Title: Cross-Site Scripting (XSS) Prevention Basics
Author: LeeDavis
Category: CODING
Published: 2017-02-26 15:49:29
Clicks: 51

Web applications are the most frequently targeted for attack from this vector. WIth browser security breaches, attackers are able to inject client-side coding into those vulnerable pages and affect other machines that come in contact with that page. Dangerous indeed. When to use anti-xss methods? Anytime you're outputting something users can tamper with, any attacker can use html characters to add an invisible iframe to the page like;

script type= text/javascript @l3rt('I0wn3dU!!'); /script

Generally, JavaScript is the most utilized of the client-side scripts in this area. Things like URL redirections, "cookiejacking", "clickjacking, or perform unauthorized actions that result in site damage and/or database destruction. Let's say a link was submitted in the above situation and the end result was an attackers' page for more mayhem. Using htmlspecialchars() or htmlentities() you preventing these characters from doing what the attacker intended. The above iframe code would no longer work and would be then displayed as plain text if at all.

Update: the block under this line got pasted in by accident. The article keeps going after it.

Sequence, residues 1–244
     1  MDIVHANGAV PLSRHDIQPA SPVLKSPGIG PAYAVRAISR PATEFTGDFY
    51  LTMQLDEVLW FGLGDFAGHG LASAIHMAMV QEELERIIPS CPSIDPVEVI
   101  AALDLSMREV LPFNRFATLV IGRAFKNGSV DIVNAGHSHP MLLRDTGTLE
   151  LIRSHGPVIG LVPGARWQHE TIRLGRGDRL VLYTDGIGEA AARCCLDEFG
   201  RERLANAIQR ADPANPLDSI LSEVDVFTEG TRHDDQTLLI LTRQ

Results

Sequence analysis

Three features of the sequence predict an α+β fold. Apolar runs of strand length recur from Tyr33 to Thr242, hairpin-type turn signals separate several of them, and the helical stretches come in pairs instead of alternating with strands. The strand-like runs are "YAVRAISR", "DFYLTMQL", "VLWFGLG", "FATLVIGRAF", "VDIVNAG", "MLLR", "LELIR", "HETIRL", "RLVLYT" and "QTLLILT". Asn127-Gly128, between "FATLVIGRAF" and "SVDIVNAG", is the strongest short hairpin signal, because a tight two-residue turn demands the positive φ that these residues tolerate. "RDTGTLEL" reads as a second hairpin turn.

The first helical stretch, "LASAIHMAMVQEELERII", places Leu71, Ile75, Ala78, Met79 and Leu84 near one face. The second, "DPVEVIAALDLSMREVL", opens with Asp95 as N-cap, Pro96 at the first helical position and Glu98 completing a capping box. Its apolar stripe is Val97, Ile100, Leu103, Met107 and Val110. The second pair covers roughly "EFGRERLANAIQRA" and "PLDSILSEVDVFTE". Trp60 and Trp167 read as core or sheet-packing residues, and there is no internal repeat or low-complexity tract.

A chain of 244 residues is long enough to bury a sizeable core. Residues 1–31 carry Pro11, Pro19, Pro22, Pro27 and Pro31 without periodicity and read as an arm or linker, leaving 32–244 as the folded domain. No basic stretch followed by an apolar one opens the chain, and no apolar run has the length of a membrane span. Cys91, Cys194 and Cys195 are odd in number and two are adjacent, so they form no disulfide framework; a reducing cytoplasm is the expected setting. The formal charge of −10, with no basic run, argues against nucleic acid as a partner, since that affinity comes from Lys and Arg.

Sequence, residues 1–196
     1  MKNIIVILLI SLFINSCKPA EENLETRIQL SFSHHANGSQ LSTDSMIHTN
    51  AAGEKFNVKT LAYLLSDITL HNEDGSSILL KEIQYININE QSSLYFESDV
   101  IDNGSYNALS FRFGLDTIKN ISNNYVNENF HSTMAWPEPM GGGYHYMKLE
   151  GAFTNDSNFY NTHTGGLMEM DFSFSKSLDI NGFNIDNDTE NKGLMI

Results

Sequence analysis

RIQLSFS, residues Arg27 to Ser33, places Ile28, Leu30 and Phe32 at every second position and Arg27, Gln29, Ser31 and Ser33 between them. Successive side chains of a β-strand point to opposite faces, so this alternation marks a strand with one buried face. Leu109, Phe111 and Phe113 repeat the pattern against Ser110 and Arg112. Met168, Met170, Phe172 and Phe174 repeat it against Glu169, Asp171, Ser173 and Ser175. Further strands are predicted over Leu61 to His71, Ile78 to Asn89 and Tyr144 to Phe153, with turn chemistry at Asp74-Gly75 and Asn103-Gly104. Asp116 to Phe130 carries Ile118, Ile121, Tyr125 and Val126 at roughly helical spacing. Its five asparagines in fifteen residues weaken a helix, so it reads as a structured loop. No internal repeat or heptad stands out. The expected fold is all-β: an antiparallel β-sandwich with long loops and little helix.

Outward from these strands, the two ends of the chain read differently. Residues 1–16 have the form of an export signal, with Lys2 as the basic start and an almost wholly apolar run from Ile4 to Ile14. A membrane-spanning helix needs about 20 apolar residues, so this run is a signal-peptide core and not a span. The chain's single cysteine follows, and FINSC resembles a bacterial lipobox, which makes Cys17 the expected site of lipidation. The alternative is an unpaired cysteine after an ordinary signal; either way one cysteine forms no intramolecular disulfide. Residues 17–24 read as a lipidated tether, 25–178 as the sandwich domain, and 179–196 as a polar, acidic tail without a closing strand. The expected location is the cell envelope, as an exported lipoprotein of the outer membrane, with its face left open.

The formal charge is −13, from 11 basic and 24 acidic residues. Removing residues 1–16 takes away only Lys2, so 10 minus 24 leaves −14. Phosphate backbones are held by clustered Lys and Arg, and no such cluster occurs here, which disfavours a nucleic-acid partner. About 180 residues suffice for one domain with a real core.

//changing html characters using htmlspecialchars()
//$_POST['link'] = test
$link = htmlspecialchars($_POST['link'], ENT_QUOTES);
echo $link;
?>

MUCH safer way to do business for your web application as you've escaped the HTML character into their HTML character entities. These being listed below as;

& = &
< = <
> = >
" = "
' = ' (' is not to be used)
/ = / (forward slash used to end an HTML entity)